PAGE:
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Lisbon, Portugal

From day one, Lisbon charmed us with its raw beauty and unique realness.

Lisbon, the capital of Portugal, marked the first stop of our 7-month backpacking sabbatical through Europe. Our explorations began in true Vasco da Gama style. Outside our hotel, Rua Augusta, a bustling pedestrian walkway, is the center of non-stop action. Café com leites (coffee with milk) by morning turn into evening strolls by night.

In late December, elaborate holiday decorations line the streets and fill the squares. Sparkling lights draw attention to the city’s iconic black and white pavement, found only in Portugal’s cities and former colonies. The intricate swirls and mosaic designs transform humble sidewalks into amazing works of public art.

In the Alfama, the city’s oldest district, we explored narrow, winding streets and promptly got lost.

The Alfama is perfect for wandering aimlessly. The city unfolds all of its subtle details with the painted azulejos (ceramic tiles) that grace fountains and the crumbling facades of centuries-old buildings. Buildings that, despite the devastating earthquake of 1755, are still standing to this day.

One of the highlights of a Lisbon visit is riding the pre-war electricos (trams). Whirring through the city, we weaved in and out of traffic like a video game. Pedestrians scampered out of the way. We watched with surprise (and trepidation) as giggling school kids hopped on the moving tram. Clearly, it wasn’t their first time hitching a free ride.

Castelo de Sao Jorge is the site of an old Moorish palace. Here, we soaked up the essence of Lisbon’s everyday life. Retired men playing cards. Young couples cozying up on benches. Kids getting a thrill chasing after pigeons. Meandering the grounds, we stumbled on one of Lisbon’s many spectacular miradouros (viewpoints.)

A few miles outside the city lies picturesque Belem, an easy day trip from Lisbon.

Belem is a charming port town where we learned about Manueline architecture, a late Gothic style influenced by the infamous Portuguese voyages. The designs incorporate nautical elements like ships, the sea and newly discovered lands. After strolling the peaceful cloisters of Jeronimos Monastery, we headed to Belem Tower. Every night, locals gather to watch the sunset over the water. Nearby, the impressive Monument to the Discoveries features over 30 massive statues of explorers, crusaders and mapmakers. It serves as a reminder that this small country was once the leader in world exploration.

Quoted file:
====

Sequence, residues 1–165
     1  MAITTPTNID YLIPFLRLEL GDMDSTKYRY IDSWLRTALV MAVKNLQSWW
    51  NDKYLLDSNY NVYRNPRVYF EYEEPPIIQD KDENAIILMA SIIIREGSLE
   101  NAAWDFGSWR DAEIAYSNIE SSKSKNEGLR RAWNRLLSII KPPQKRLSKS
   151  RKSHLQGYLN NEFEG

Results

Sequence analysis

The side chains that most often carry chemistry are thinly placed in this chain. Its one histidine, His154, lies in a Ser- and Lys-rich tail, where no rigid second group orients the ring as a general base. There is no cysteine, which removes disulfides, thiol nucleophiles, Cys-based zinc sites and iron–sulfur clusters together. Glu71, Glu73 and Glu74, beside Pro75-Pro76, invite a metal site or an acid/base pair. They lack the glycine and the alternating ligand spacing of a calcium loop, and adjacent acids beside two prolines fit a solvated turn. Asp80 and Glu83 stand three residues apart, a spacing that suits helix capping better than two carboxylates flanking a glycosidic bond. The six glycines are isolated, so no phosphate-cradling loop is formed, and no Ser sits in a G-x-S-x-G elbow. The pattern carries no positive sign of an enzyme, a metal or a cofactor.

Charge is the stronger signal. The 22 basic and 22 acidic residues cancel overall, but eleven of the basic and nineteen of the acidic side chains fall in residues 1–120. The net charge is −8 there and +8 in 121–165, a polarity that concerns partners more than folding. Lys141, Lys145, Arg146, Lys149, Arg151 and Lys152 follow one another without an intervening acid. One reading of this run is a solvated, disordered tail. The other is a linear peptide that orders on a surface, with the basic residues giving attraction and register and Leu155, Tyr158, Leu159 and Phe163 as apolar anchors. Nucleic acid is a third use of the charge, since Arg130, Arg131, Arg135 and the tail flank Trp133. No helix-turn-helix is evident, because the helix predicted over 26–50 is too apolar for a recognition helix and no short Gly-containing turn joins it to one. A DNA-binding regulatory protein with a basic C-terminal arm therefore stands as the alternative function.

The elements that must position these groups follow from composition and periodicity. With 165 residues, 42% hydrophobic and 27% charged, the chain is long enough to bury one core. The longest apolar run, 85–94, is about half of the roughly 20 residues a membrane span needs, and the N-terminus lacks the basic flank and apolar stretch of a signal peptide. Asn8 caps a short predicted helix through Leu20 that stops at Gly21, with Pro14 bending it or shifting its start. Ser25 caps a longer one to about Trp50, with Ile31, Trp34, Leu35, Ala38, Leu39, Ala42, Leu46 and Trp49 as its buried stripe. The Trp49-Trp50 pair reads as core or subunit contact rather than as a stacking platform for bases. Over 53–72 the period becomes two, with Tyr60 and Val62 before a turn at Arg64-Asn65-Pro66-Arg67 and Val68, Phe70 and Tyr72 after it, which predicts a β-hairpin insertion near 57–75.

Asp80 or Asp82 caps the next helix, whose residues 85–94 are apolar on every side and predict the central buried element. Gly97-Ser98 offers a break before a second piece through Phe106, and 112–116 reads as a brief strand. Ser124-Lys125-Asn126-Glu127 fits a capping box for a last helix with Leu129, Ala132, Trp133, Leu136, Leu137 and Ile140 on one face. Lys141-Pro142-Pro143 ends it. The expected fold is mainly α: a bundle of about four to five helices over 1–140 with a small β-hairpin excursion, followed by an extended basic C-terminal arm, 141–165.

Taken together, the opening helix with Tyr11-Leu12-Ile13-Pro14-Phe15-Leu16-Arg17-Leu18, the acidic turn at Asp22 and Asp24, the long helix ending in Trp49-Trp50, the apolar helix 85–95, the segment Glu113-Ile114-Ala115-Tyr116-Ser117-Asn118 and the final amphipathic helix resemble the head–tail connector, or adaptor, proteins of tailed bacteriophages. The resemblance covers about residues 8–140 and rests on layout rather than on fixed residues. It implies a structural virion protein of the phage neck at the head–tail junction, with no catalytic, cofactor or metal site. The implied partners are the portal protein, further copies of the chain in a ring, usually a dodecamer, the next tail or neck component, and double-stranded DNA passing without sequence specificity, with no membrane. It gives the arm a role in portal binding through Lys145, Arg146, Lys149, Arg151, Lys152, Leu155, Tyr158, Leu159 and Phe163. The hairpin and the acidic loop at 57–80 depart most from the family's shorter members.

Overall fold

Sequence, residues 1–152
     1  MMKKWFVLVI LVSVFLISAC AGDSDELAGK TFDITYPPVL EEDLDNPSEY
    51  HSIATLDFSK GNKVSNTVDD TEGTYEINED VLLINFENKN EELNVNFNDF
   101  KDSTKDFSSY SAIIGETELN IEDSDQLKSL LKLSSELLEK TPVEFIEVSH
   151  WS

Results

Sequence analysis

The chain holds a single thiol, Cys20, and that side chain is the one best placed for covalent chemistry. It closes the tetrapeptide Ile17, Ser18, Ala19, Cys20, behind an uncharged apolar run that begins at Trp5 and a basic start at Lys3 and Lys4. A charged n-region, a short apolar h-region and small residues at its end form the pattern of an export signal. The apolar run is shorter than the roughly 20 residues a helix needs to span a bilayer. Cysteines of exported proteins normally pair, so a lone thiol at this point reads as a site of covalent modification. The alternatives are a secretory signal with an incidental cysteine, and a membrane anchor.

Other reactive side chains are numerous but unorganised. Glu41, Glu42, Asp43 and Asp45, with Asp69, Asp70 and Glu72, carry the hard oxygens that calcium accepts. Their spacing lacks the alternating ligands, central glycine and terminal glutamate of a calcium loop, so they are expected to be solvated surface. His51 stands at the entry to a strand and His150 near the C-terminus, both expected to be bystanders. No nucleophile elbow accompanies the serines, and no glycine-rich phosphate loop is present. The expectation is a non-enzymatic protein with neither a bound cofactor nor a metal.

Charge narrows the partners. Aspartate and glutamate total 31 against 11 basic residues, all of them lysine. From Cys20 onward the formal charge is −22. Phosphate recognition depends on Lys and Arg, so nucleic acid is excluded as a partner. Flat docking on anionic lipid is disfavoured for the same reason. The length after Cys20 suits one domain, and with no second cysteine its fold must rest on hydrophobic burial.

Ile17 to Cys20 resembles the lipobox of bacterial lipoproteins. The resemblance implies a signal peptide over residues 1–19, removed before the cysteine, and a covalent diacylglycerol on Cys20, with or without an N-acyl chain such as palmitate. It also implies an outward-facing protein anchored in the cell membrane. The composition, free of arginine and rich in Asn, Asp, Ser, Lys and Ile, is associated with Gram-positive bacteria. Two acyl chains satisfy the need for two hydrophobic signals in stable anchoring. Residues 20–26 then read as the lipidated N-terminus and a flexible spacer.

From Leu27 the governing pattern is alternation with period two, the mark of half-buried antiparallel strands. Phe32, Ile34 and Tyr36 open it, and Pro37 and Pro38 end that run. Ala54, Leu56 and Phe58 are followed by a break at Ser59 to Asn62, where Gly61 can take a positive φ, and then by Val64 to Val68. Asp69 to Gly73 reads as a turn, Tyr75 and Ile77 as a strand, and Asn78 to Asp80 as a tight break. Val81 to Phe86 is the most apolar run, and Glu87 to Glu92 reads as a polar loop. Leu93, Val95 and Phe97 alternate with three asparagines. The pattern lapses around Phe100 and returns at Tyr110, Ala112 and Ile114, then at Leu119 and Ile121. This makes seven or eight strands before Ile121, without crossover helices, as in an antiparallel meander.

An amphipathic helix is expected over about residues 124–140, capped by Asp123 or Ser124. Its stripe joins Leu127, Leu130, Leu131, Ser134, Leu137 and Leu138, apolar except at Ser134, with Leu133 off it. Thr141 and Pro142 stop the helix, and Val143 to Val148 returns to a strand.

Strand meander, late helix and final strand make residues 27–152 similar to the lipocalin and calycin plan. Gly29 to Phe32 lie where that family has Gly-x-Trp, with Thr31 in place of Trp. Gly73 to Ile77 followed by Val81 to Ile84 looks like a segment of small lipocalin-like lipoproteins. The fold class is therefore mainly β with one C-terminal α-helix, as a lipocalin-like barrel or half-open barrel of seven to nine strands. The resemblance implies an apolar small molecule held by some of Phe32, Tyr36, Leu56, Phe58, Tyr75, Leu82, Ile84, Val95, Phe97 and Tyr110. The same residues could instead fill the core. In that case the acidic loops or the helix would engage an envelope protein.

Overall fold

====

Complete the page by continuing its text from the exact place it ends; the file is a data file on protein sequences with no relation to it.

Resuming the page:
On New Year’s Eve, we enjoyed a particularly magical evening in Lisbon. We headed to an authentic Fado performance at A Baiuca, a hole-in-the-wall restaurant in the heart of the Alfama.

Fado is Portugal’s most famous music genre. Sad, soulful and achingly beautiful.

Listening to Fado is like going on a journey. Sung by ordinary folks, the lyrics speak to the struggles and joys of life. You don’t have to know Portuguese to understand what the singers are trying to convey. The melancholy sound, expressive style and unique ambience was the ideal way to wrap up our visit.

Lisbon is an enchanting place. We love it even more because it kicked off our seven-month adventure abroad. In just one week, we had experienced so many wonderful people, places and things we never knew existed. Best of all, it was just the beginning.

Lodging: Hotel Internacional / Couchsurfing  |  Food: A Baiuca, Mercado da RibeiraAdega Triunfo, Ristorante Valentino | Activities: The Alfama, Castelo de Sao Jorge, Belem, Jeronimos Monastery, Belem Tower, Monument to the Discoveries

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